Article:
11. Accept how things are. Don’t try to imagine the perfect vacation. Don’t judge it against any preset ideas, or against past vacations, or against other people’s ideas of how it should be. Just accept whatever comes.
  12. Don’t watch TV. None. If you want to watch a film, make sure it’s the kind you get on a special channel, not one on a regular network. Let the world look after itself. No checking up on the stockmarket either.
  13. Reading is fine, but must not include anything even remotely work-related. Try to choose something other than typical pulp fiction. Something to stimulate your mind and challenge your habitual ways of thinking.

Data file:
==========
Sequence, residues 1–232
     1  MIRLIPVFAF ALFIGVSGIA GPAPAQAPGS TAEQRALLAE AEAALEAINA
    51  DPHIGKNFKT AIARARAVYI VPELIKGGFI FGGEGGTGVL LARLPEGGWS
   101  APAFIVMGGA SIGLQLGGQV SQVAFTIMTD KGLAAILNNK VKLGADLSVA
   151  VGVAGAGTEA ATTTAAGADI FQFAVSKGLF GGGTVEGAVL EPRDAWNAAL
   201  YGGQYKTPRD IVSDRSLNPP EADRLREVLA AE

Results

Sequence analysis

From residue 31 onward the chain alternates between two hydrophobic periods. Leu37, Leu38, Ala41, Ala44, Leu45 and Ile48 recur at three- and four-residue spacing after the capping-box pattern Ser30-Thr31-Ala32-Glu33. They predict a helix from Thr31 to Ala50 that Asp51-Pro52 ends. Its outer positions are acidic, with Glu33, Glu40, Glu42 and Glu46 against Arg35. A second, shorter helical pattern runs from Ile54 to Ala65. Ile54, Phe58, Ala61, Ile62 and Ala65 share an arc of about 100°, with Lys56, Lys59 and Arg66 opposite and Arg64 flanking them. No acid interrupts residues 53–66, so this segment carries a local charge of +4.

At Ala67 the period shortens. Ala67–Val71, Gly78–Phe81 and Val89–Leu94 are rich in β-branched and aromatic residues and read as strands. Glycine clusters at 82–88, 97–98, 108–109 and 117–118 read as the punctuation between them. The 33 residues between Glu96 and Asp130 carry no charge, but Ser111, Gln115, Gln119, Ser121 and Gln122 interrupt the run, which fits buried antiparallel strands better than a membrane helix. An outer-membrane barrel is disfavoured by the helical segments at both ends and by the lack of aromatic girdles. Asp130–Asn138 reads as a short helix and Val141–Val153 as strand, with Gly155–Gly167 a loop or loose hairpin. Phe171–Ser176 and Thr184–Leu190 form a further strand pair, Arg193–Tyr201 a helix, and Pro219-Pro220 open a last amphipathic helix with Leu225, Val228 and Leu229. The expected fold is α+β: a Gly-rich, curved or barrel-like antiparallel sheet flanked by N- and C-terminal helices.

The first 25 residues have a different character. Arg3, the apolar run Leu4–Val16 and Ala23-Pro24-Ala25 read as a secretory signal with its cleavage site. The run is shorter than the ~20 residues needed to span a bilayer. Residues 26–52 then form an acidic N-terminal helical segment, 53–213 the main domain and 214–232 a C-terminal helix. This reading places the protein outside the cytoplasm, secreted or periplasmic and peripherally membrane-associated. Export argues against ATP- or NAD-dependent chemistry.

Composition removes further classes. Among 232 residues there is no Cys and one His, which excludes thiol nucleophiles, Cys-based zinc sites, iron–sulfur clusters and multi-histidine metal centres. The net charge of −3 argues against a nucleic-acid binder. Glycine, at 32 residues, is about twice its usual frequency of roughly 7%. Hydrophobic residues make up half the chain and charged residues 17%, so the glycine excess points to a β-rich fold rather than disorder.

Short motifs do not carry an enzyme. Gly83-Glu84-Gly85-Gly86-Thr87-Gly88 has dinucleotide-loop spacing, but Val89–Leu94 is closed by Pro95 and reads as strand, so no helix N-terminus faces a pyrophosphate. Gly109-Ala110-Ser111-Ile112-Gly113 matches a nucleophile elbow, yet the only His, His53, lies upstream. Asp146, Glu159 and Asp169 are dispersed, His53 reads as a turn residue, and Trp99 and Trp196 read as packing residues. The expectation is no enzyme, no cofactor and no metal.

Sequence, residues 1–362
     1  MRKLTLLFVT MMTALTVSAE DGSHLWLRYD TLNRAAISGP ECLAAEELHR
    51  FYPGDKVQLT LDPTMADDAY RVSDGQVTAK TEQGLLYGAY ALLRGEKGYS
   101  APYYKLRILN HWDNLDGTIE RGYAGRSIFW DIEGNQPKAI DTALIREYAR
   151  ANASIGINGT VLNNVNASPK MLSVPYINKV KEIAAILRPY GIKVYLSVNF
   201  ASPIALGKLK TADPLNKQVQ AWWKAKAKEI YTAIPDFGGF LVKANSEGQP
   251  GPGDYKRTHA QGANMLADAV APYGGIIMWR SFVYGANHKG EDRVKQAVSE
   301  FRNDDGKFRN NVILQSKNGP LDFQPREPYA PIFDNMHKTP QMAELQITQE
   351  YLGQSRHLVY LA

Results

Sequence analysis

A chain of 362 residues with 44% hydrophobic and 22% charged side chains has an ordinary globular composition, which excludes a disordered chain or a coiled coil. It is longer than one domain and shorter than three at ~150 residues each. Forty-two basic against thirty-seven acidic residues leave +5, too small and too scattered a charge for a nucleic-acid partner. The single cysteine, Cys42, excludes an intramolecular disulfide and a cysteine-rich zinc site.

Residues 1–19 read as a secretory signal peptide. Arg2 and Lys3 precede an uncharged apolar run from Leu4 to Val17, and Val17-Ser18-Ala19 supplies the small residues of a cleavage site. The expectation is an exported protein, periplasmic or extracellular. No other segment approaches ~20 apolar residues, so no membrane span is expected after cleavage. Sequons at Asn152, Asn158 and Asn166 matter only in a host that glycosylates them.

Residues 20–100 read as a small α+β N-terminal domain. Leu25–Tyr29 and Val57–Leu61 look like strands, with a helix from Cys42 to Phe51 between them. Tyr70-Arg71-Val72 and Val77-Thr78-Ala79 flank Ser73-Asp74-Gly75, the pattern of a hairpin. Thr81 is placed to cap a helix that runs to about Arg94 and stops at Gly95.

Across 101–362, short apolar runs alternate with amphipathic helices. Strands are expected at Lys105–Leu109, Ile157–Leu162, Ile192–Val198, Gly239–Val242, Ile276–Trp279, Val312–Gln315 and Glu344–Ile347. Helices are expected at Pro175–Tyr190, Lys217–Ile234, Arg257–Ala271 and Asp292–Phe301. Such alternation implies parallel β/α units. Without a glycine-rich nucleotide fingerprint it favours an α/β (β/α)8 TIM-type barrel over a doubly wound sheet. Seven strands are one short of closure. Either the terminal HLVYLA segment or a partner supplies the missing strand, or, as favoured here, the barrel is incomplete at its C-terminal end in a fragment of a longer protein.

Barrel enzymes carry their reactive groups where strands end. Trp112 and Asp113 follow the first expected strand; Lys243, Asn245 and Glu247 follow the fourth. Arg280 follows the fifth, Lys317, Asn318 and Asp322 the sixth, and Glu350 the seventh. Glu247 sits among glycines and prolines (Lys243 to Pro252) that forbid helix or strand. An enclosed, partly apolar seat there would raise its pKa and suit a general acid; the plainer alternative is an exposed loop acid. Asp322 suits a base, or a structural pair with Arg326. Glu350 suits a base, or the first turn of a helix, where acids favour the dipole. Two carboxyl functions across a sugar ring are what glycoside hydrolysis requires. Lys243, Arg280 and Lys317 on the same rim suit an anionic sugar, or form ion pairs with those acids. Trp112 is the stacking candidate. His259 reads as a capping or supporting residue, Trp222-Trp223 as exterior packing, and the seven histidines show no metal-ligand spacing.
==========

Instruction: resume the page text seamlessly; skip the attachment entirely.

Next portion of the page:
14. Listen to music. Better still, play some music. Sound and rhythm are great healers.
  15. If you find yourself feeling bored and with nothing to do, do something energetic that won’t let you sit and think about work, or about how bored you are. Play some sport. Go for a walk. Swim. Go to the gym.
  16. If you find yourself spending hours just enjoying what you’re doing and thinking about nothing in particular, congratulations. Your program is a success!

Adrian Savage is a writer, an Englishman, and a retired business executive, in that order. He lives in Tucson, Arizona. You can read his other articles at Slow Leadership, the site for everyone who wants to build a civilized place to work and bring back the taste, zest and satisfaction to leadership and life, The Creativity Class: a place to discover the best ideas on having the best ideas, and Working Potential, where you’ll learn about great ideas for self-development. His latest book, Slow Leadership: Civilizing The Organization